Argentinean artist born in Buenos Aires in 1929 and died in Paris in 2012. After studying at the Buenos Aires School of Fine Arts, Horacio Garcia-Rossi discovered Victor Vasarely’s work at this artist’s exhibition at the Museum of Fine Arts in Buenos Aires in 1958, together with Julio Le Parc, Francisco Sobrino and Hugo Demarco. In 1959, Garcia-Rossi decided to travel to Paris, the city he would never leave. It was at this point that he delved into geometric abstraction through simplified shapes, which he systematically arranged inside regular grids, especially using permutations. He was one of the architects of optical kinetic art in Paris in the early sixties, after giving up paint to devote himself to creating illuminated boxes animated by mechanisms and lit with artificial light, resulting in compositions made from changing, unstable shapes displayed on the side of the box with frosted glass. In 1961, Horacio Garcia-Rossi cofounded GRAV (Groupe de Recherche d’Art Visuel – The Visual Art Research Group) in Paris along with Julio Le Parc, François Morellet, Francisco Sobrino, Joël Stein and Jean-Pierre Yvaral, with whom he participated in all of the international manifestations that marked the history of this movement.
With his work, Horacio Garcia-Rossi participated in numerous personal exhibitions in Europe as of 1970, the year that he returned to the practice of using paint.
Horacio Garcia-Rossi was one of the leading figures to introduce movement in the visual arts of his generation. He created and patented machines that took the place of paintings, equipped with simple mechanisms making the mobile elements inside wooden boxes move and that were lit by integrated luminous devices. The result is seen on the side of the boxes with frosted glass, the real screen performing the changing spectacle created by the combination of mechanical devices hidden to the viewers’ eyes. The declinations are multiple and varied, colors, shapes and sounds are combined, transformed, appearing and disappearing.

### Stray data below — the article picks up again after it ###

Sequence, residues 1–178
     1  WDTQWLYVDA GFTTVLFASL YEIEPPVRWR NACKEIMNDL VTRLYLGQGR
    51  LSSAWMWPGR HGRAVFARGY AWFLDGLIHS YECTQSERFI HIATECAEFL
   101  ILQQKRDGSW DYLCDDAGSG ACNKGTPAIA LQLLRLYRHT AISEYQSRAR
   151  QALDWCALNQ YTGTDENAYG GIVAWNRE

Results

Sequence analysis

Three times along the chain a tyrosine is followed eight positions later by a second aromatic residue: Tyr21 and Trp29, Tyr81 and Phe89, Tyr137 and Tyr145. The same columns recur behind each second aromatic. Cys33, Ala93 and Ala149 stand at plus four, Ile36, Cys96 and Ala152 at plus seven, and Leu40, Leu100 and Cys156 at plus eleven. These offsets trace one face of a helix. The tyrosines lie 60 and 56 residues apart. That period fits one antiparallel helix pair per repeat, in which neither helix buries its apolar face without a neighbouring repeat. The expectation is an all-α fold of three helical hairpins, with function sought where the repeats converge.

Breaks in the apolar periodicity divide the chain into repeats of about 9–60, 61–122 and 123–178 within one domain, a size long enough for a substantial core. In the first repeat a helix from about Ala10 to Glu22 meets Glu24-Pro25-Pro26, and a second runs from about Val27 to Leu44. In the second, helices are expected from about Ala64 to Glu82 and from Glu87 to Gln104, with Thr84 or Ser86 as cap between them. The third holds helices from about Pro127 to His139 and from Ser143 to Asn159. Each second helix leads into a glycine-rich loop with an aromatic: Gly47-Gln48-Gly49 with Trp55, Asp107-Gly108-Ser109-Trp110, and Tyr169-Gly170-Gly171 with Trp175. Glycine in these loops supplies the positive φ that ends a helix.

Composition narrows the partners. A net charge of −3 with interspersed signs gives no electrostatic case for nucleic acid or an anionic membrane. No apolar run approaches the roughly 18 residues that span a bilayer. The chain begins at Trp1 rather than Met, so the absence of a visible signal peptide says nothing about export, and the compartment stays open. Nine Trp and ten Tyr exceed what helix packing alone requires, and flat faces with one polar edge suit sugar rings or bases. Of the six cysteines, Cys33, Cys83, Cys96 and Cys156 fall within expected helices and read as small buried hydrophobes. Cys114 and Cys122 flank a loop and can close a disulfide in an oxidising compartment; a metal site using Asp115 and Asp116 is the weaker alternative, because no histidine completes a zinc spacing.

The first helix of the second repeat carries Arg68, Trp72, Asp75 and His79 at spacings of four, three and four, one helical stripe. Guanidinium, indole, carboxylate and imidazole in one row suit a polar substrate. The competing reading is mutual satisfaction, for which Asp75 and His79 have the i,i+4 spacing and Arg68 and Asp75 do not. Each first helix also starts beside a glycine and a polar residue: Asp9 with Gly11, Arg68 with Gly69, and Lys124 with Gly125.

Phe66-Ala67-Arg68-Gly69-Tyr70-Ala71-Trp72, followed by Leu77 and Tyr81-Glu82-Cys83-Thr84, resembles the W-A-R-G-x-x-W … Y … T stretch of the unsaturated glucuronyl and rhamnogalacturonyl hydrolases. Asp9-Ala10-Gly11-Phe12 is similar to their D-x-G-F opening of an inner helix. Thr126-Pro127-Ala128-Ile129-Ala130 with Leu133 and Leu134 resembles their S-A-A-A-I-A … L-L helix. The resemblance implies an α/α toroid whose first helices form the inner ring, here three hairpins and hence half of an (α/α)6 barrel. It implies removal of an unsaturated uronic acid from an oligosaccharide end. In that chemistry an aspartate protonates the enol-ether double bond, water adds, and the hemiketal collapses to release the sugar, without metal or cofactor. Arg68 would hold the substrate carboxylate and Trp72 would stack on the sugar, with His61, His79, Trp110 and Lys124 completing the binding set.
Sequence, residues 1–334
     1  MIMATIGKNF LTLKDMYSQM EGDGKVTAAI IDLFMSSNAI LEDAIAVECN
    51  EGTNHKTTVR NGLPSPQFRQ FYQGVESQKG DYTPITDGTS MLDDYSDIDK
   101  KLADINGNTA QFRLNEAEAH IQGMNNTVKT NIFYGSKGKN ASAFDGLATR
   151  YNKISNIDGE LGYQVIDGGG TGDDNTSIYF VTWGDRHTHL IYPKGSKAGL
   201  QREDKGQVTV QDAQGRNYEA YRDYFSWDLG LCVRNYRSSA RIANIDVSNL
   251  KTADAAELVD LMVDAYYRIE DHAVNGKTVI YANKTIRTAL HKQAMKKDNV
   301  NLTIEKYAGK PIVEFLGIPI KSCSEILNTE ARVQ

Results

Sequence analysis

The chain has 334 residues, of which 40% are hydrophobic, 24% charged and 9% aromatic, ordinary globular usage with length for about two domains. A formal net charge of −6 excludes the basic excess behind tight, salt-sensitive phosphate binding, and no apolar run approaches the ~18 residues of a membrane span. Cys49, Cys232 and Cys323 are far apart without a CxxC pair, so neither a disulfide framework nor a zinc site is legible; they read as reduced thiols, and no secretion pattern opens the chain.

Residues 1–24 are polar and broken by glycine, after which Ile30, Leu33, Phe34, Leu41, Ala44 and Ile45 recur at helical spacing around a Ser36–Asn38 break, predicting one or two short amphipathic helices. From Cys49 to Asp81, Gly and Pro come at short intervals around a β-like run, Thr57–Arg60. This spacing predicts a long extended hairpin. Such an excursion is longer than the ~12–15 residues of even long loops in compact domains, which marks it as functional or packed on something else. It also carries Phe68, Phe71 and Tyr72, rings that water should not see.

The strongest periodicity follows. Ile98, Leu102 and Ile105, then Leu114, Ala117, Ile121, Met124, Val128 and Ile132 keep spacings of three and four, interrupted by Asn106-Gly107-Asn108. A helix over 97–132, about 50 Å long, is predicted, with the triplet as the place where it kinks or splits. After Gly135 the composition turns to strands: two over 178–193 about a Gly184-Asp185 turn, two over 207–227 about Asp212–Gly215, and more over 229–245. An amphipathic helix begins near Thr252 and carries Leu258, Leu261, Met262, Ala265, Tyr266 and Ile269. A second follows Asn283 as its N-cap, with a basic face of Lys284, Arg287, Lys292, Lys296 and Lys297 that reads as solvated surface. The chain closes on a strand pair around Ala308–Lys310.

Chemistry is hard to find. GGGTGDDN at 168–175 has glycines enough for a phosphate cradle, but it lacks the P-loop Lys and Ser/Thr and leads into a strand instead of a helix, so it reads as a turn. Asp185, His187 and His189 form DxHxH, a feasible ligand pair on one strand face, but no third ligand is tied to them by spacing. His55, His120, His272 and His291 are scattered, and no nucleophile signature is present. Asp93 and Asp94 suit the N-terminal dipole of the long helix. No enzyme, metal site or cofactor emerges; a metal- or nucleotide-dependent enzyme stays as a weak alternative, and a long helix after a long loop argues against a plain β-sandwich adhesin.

Horacio Garcia-Rossi participated in all of GRAV’s manifestations and, especially, in Laberints (premiering at the 1963 Paris Biennial), the exhibition that highlighted the reputation of this group of artists that sought to place the viewer in the center of the creation, to make him or her a part of it and to only be concerned with the visual phenomena.
With the decline of lumino kinetic art, after having occupied first place on the art scene for over a decade, Horacio Garcia-Rossi returned to the practice of painting, with which he continued to explore the voices of light and space.
In 2013, the Stämpfli exhibited Horacio Garcia-Rossi’s work Light Projection of Variable Structures, num. 2 (1966) during the CINETIK! show (27 April to 27 October 2013). This exhibit brought together some of the most important lumino kinetic artists of Spanish and Latin American origin.